"It seems a very long time since the protestors arrived around the cathedral," said Reverend Graeme Knowles, dean of London's St. Paul's Cathedral, on Oct. 21. Reading from an open letter to the Occupy London protest, the dean addressed the camp of nearly 200 tents residing outside the cathedral. "I want to stress at the outset that we have listened to them and indeed developed a conversation with them."
In reality, it hadn't been a week since the occupation had descended onto the cathedral's property. The protest against economic disparity that began on Oct. 15 had initially relied on the good graces of St. Paul's Cathedral to carry on. While the movement had intended to occupy the London Stock Exchange, an injunction and a police barricade had prevented the crowd of more than 1,000 from doing so. Instead, the protesters settled around the steps of the historic church, which stands nearby. That northwest area partially owned by St. Paul's and partially owned by the City of London Corporation, the local governing body has since been the main base of the protest movement.
At first, the demonstration prompted hundreds of police officers to circle the cathedral's surrounding area, monitoring the burgeoning occupation. However, after St. Paul's canon, Reverend Dr. Giles Fraser, urged the force to leave and announced that the protesters were welcome, it seemed as if the occupation would continue mostly unimpeded. Clusters of tents were pitched around the side and front of the cathedral, forming a tent city complete with a media tent, a library and portable toilets. Though hundreds of protestors could always be found milling outside St. Paul's, their activities were kept outside the cathedral.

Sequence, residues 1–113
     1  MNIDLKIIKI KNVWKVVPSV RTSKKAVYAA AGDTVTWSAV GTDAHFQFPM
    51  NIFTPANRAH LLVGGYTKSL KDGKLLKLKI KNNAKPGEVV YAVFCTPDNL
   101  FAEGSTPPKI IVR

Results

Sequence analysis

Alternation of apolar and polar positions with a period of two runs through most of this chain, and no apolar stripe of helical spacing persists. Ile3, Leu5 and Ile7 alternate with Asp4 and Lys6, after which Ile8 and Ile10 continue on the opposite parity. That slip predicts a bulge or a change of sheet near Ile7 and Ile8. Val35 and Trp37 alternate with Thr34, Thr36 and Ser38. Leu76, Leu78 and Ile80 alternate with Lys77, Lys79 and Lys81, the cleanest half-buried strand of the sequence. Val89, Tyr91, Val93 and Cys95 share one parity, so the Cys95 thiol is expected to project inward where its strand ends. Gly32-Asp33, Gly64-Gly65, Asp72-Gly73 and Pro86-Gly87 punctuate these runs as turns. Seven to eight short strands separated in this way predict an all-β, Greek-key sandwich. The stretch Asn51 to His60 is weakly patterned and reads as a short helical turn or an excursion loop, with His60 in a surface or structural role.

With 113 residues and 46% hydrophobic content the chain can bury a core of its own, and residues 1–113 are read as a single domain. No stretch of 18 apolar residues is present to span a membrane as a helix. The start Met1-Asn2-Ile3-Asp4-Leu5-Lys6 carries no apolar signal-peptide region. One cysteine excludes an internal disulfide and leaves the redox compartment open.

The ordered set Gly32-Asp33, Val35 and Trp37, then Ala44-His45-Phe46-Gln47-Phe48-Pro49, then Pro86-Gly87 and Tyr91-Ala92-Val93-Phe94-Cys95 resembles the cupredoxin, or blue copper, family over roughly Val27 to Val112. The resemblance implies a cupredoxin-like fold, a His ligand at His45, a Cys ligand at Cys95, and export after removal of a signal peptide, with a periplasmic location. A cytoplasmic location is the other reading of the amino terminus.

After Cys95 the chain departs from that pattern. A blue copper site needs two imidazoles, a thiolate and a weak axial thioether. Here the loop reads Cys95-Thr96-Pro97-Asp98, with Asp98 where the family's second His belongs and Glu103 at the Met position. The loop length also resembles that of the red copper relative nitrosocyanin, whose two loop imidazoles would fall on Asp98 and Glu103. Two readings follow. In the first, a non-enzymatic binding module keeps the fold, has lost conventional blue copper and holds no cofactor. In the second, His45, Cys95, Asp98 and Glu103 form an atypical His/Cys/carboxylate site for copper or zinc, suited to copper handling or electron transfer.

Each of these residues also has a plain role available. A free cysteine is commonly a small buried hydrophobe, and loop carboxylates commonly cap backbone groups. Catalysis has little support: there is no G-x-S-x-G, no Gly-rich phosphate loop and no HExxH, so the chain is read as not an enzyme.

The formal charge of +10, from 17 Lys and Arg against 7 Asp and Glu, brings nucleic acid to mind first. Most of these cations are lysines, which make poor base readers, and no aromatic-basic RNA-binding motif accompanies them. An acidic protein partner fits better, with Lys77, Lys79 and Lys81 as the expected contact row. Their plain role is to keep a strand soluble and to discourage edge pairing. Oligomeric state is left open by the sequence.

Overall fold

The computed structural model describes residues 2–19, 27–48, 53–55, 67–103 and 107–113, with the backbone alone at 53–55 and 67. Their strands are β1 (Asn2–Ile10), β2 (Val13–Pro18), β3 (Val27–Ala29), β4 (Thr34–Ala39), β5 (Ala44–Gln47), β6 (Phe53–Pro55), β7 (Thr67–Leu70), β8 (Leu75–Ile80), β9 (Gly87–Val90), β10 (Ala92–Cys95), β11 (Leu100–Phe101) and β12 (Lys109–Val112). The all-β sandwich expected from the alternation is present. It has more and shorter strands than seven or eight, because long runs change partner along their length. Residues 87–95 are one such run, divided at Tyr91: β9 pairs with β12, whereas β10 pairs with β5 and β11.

Yet, only six days later, Rev. Knowles, reading his open letter to a crowd of reporters, recounted the fire-and-safety hazards the camp posed to the cathedral. He announced that the doors of St. Paul's would be closing and asked the protesters "to recognize the huge issues facing us at this time and asking them to leave the vicinity of the building so that the cathedral can re-open as soon as possible."